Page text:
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February 19, 1999

Camille Cooper Presents "What Price Beauty?" at Middlebury College on March 3 -- Noted Actor to Speak on Hollywood's Fascination with Thinness

"We retouch every photograph of any girl over the age of fourteen." --Ray the Retoucher, a Los Angeles-based retouching lab

"More and more girls are getting anorexia at an early age (10 or 11) because they know they are expected to be thin." --National Institute of Mental Health

On Wednesday, March 3 at 8 p.m. at Middlebury College, actor Camille Cooper will offer a look at Hollywood's perspective on women's beauty. In "What Price Beauty?," a multi-media presentation described as dynamic and empowering, Camille Cooper delivers a unique, humorous, and insightful look at a media industry obsessed with thinness and stereotypically defined beauty. Free and open to the public, the event will take place in the McCullough Student Center on Old Stone Row, off Route 30.

At the age of 17, film and television star Camille Cooper's first acting role--with Dudley Moore and Kirk Cameron in "Like Father, Like Son"--brought her into contact with Rod Daniel, the film's director. His first words to her were, "Lose the baby fat." Embarrassed and ashamed, Cooper, then a five-and-a-half foot, 125-pound teenager, shed 15 more pounds and ended up in the hospital with a bleeding ulcer.

In her presentation, "What Price Beauty?," Cooper explores the national preoccupation with Hollywood's bone-thin starlets. She observes that although many letters to magazines such as Elle and Glamour question the desirability of presenting skeletal young women as the ideal, that particular image prevails as a pinnacle of American female beauty.

"What Price Beauty" uses multi-media imagery to describe how women are conditioned at a very young age to believe that only certain roles are socially acceptable for them, and how the majority of that conditioning focuses on women's physical appearance, thereby influencing them from pre-puberty to post-menopause to equate their achievement--or non-achievement--of fashionable beauty with their validity as human beings in our society. Cooper's presentation suggests that such pressure contributes to women's systemic struggle with low self-esteem, depression, eating disorders, and ill health. She points out that psychiatrists diagnose anorexia nervosa when a patient weighs at least 15% less than what is considered healthy, and that female actors and models typically weigh 23% less than the average healthy woman. By using before-and-after slides to demonstrate how retouching, lighting, and camera filters routinely distort a woman's actual looks, Cooper lifts the veil of illusion to discover the truth about the media's standard of beauty--it is a fabrication, a parlor trick impossible to convert from the printed page or video image to actual life.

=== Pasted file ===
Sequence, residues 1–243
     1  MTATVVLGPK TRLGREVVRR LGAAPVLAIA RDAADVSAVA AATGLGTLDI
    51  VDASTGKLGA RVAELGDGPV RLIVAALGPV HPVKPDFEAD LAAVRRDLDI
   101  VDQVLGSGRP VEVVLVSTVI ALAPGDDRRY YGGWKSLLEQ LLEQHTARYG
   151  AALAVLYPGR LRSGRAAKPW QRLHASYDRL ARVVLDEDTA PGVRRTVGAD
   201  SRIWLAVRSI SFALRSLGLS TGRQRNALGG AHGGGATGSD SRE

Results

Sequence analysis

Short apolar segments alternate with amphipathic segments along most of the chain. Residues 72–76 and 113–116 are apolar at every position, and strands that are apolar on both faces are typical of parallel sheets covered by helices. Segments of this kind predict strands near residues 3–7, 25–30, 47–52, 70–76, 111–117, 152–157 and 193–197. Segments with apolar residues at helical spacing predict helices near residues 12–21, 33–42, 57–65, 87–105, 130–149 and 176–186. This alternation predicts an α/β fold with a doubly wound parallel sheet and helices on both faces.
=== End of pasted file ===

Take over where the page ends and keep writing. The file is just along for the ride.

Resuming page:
Offering supportive information to help people withstand the onslaught of the media's beauty hype, "What Price Beauty?" has been described by students and educators as "shocking," "uplifting," and "a relief."

Camille Cooper is perhaps best known for her portrayal of Nikki Langon on "General Hospital." She has worked professionally in film and television for the past ten years, starring in five motion pictures and more than ten other television series, including "Knots Landing." Since 1994 she has been active in Women in Film, co-chairing that organization's Committee for the Empowerment of Young Women. Dedicated to forging strong bonds between women and girls to help meet challenges and overcome obstacles created by the damaging preoccupation with physical beauty, committee members share the realities of their lives as professional women in the film and television industry.

"I'm really looking forward to Ms. Cooper's presentation," said Mary Duffy, women's studies administrator at Middlebury College. "It is important for all of us to recognize this issue, and we hope that a good mix of men and women will attend--especially parents and their daughters. It's great that the show will also be at UVM on March 1, before coming to Middlebury on March 3. That will give the community a couple of chances to gain Ms. Cooper's first-hand perspective."

For more information contact Mary Duffy, Middlebury College's women's studies administrator, at 802-443-5937.